Quality of life in psychotic illness: baseline and prospective determinants in first episode and chronic psychosis cohorts
MetadataShow full item record
This item's downloads: 77 (view details)
Abstract The overall aim of this thesis was to longitudinally assess determinants of quality of life in first episode and chronic psychosis patient cohorts. The Galway First Episode Psychosis Cohort Background: In this study, first episode psychosis (FEP) patients were followed up after a minimum of three years in order to determine the extent to which clinical and morphometric indices were associated with quality of life (QoL). Method: 45 patients were recruited into the study and a proportion of these (n=32) underwent clinical and neuroimaging investigations at both baseline and follow up. Results: Lower QoL was predicted clinically by higher baseline negative symptoms and improvement in negative symptoms predicted higher QoL 3 years later. From a neuroimaging perspective, left lateral ventricular volume enlargement over the follow up period was associated with lower QoL. Conclusions: This study demonstrated that it was the trajectory of clinical and morphometric measures over time, particularly with respect to negative symptoms and left lateral ventricular volume, that are most associated with QoL as an outcome measure. Such measures may represent markers of a neuroprogressive process that ultimately determines the functional outcome after the onset of psychotic illness. QoL of long-stay psychiatric patients transferred into the community Background: This study comprised a cohort of former long-stay institutionalised patients who were subsequently transferred into local community settings. Method: 87 former long-stay psychiatric patients, the majority of whom had a diagnosis of schizophrenia, were assessed at baseline (one month prior to hospital closure) and 10 years later on a range of QoL and functional measures. The QoL measure (Quality of Life Scale) was only conducted at the follow up period. Results: Improvements were noted for both QoL and social functioning at 10 year follow up. Linear regression analysis found that baseline social behaviour predicted QoL at follow up. Conclusion: This study demonstrates that transfer into the community from a psychiatric institution is associated with long-term improvement in QoL and social functioning, even in individuals who have spent large periods of time in such environments. Those patients who demonstrated the greatest improvement in QoL had higher baseline social skills.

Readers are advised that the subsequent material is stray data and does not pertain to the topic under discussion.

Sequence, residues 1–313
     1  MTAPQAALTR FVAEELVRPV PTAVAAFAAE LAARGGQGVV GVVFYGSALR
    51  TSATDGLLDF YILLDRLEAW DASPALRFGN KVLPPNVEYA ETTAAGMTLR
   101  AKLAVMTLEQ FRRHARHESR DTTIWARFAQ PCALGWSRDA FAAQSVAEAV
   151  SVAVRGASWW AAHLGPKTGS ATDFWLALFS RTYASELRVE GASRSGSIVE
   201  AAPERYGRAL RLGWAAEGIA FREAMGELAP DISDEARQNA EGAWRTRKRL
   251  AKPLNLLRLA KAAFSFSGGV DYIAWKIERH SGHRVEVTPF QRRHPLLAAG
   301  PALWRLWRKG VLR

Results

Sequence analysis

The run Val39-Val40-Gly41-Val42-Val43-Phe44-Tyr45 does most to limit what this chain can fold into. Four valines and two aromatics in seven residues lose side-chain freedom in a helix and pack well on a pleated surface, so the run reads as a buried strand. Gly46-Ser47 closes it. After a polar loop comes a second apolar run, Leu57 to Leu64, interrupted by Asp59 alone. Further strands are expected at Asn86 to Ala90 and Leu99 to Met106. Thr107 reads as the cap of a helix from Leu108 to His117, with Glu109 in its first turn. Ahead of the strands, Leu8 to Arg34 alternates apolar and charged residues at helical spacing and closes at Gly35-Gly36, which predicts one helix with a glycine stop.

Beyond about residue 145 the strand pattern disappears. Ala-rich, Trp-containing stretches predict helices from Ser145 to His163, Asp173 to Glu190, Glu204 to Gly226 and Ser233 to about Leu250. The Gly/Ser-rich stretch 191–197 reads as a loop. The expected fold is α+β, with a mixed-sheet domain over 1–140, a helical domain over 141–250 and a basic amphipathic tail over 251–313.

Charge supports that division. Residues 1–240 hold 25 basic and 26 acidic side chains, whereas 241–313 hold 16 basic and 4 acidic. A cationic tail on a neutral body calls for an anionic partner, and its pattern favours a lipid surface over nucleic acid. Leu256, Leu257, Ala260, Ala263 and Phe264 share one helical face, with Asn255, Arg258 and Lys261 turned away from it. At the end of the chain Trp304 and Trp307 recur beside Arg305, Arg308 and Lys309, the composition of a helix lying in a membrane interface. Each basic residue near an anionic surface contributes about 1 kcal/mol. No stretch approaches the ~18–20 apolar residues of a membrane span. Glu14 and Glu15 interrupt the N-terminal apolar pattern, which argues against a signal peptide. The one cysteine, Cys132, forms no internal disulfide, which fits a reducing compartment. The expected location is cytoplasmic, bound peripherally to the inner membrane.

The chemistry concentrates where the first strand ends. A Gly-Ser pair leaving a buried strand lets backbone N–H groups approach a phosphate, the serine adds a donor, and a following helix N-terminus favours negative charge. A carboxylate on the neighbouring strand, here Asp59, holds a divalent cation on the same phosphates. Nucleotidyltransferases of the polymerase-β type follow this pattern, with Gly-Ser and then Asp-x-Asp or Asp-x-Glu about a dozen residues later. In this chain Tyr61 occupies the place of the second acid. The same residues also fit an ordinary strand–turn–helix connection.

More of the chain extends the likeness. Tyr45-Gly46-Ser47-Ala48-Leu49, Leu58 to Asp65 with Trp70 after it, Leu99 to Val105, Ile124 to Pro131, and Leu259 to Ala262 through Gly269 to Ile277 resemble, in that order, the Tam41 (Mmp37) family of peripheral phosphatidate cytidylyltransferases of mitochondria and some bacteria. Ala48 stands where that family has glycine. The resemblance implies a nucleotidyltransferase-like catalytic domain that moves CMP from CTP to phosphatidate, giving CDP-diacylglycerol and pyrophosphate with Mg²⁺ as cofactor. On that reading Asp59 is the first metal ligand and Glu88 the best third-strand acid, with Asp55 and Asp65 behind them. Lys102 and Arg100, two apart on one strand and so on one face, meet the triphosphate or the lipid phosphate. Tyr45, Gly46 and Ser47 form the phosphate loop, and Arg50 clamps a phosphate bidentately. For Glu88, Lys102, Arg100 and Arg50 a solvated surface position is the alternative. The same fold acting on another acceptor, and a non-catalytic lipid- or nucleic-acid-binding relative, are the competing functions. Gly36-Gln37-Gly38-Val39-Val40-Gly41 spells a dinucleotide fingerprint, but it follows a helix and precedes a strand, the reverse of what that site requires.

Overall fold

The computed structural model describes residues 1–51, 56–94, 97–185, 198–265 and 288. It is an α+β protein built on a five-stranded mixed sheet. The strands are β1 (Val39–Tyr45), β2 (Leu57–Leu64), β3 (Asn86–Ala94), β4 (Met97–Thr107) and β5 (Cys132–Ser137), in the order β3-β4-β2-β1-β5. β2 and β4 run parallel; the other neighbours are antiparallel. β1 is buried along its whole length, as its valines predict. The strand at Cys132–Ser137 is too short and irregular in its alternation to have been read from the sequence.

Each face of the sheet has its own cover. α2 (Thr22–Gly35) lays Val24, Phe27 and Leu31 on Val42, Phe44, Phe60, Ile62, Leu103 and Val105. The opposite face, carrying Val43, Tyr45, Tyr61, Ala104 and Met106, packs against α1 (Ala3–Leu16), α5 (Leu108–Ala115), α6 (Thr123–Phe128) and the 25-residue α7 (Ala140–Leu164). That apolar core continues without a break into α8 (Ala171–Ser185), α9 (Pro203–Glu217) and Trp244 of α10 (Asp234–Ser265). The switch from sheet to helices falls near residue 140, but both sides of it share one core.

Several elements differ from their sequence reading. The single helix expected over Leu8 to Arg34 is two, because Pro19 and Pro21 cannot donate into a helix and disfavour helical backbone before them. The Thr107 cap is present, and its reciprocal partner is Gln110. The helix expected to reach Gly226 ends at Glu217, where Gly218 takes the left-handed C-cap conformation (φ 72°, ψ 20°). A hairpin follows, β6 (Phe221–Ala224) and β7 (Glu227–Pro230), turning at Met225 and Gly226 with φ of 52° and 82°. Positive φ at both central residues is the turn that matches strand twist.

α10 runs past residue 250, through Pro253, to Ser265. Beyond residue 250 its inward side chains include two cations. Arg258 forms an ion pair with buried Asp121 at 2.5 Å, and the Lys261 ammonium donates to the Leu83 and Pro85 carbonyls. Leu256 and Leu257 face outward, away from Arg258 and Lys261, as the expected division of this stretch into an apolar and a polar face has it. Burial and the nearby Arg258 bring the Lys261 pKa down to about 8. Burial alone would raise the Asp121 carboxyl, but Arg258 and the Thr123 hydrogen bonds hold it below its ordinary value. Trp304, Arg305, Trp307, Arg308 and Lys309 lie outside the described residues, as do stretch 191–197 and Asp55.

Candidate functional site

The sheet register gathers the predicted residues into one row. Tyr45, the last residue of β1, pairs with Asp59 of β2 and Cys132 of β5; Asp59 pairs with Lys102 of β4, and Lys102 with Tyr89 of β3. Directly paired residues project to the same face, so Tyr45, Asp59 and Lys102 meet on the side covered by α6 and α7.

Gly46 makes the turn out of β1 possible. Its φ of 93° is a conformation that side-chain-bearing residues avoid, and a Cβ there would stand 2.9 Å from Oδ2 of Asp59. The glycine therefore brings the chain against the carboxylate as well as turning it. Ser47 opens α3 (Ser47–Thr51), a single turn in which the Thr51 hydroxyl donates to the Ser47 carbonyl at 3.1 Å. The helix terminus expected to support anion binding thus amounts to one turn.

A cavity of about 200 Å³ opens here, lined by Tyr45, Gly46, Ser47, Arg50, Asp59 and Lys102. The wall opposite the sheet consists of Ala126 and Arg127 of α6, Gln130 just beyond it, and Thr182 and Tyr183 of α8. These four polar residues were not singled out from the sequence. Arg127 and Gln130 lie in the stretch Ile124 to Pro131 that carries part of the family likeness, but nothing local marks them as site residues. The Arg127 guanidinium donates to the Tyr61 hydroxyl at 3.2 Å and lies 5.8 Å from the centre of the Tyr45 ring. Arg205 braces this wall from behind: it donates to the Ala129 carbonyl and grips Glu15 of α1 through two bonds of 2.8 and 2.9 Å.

This item is available under the Attribution-NonCommercial-NoDerivs 3.0 Ireland. No item may be reproduced for commercial purposes. Please refer to the publisher's URL where this is made available, or to notes contained in the item itself. Other terms may apply.
The following license files are associated with this item: